In the 1960s, metric was renamed as the Le Système international d’unités (International System of Units) or SI and things started moving again in America. After Congressional study, President Gerald Ford signed the Metric Conversion Act in 1975, setting a plan for America to finally go metric as “the preferred system of weights and measures for United States trade and commerce.”
But it suffered some drawbacks. Firstly, the system was voluntary, which massively slowed down adoption. Secondly, a year later, the new US president Jimmy Carter was a strong proponent of the system, and this caused the opposition in Congress to largely oppose the plan.
President Reagan closed most of the moves to metric in 1982, but his successor, Bush, revived some of the plans in 1991, ordering US government departments to move over to metric as far as possible. The issue has been kicked down the road ever since.
Different cultures, different customs
These days the arguments over metric versus American measurements are more fraught, becoming a political issue between left and right. Witness Tucker Carlson’s cringe-worthy rant in which he describes metric as “the yoke of tyranny,” hilariously mispronouncing “kailograms.”
What in the world is he even talking about? pic.twitter.com/KhL8eS7mO1
— George Takei (@GeorgeTakei) July 25, 2019
Given that trust-fund kid Carlson was educated in a Swiss boarding school, he knows how it’s pronounced, but never let the facts get in the way of invective.
As such, it seems unlikely that we’ll see anything change soon. But that day is coming – America is no longer the manufacturing giant it was and China is perfectly happy with the metric system, although it maintains other measurement for domestic societal use like Britain does with pints and miles.
There’s really no logical reason to not go metric – it’s a simple, universal system used by every nation in the world except for the US, Liberia and Myanmar. That’s hardly august company for the Land of the Free.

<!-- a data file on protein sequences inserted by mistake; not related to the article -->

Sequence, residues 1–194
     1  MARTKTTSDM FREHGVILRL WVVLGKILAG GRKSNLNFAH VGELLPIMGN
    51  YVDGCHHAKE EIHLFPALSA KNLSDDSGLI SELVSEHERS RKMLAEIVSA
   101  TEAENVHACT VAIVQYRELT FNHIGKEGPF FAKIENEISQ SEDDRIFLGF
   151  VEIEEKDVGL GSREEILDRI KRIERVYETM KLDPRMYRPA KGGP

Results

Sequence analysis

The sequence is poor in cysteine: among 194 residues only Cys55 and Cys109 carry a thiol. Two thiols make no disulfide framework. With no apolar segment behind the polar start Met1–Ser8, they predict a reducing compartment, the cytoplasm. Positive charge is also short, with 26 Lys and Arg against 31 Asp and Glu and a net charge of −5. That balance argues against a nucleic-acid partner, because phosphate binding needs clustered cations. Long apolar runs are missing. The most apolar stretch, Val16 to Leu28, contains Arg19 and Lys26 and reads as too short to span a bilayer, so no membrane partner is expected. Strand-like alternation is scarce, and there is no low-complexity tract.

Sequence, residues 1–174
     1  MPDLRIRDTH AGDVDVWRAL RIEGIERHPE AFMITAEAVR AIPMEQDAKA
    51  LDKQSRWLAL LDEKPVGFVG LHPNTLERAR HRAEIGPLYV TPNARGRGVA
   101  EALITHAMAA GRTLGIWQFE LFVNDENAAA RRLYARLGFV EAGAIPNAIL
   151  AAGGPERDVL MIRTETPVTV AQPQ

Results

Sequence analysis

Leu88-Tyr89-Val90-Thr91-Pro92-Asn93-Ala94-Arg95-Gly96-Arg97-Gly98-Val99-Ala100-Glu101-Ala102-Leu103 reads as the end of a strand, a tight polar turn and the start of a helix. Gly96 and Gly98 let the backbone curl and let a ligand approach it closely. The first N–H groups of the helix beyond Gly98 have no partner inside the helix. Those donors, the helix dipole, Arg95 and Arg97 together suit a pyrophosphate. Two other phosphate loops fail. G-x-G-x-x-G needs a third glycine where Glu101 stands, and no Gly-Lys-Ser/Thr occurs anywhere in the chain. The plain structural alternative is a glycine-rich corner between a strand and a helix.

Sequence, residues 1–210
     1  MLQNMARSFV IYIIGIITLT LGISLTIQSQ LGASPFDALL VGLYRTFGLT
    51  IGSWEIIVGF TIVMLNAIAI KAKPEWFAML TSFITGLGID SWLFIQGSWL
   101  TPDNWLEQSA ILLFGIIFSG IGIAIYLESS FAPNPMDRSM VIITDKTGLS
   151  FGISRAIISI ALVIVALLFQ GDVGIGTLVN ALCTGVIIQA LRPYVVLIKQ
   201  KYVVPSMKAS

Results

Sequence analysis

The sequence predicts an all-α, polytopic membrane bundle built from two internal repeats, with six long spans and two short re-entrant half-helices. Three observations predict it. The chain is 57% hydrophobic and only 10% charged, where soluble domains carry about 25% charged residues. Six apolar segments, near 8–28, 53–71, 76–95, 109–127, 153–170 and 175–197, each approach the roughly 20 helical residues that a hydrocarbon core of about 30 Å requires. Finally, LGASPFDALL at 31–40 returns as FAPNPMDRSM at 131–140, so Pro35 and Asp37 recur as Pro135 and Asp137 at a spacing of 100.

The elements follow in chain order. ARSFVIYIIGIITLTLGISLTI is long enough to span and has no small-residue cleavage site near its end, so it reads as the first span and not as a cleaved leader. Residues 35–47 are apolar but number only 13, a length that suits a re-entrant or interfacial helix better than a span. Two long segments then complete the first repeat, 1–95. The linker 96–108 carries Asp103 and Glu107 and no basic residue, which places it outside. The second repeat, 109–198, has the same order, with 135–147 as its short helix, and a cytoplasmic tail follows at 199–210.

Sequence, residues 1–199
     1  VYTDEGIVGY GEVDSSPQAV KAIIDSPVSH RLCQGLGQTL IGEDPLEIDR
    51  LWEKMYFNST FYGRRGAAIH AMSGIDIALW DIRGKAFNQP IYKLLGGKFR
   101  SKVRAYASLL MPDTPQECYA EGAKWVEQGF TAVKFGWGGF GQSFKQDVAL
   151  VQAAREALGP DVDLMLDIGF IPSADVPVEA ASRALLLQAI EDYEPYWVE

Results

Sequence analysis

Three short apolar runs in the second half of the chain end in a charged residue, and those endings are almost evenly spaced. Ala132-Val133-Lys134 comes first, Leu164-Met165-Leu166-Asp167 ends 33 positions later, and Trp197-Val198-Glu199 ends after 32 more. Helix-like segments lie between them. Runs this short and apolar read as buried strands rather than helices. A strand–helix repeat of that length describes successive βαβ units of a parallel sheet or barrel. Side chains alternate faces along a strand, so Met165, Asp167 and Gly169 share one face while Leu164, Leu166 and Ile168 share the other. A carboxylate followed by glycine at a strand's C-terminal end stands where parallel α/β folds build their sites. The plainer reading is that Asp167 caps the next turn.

It will be a long, slow process. No country has managed a full shift to metric in less than a generation,mith most it took two or more, and the UK seems to be going backwards. Former prime minister Boris Johnson suggested Britain should go it alone with the old UK Imperial measurements, which make the current American system look positively rational.
It may take generations before the issue is resolved in the UK, and longer still for the US. It may, in fact, never happen in America, but the SI system makes sense, is logically sound, and will remain the language of science, medicine and engineering for the vast majority of the world.
If the US doesn’t want to play catch-up with the rest of the world it will have to take rational measurements seriously. But that day isn’t coming soon, so in the meantime this hack will have to remain using old cookbooks and we’ll face more measurement mistakes together. ®
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The Voice Of EU | In the heart of technological innovation, the collision between intellectual property rights and the development of cutting-edge AI technologies has sparked a significant legal battle. The New York Times has taken legal action against OpenAI and Microsoft, filing a lawsuit in Manhattan federal court. This legal maneuver aims to address concerns surrounding the unauthorized use of the Times’ content for the training of AI models, alleging copyright infringements that could potentially result in billions of dollars in damages.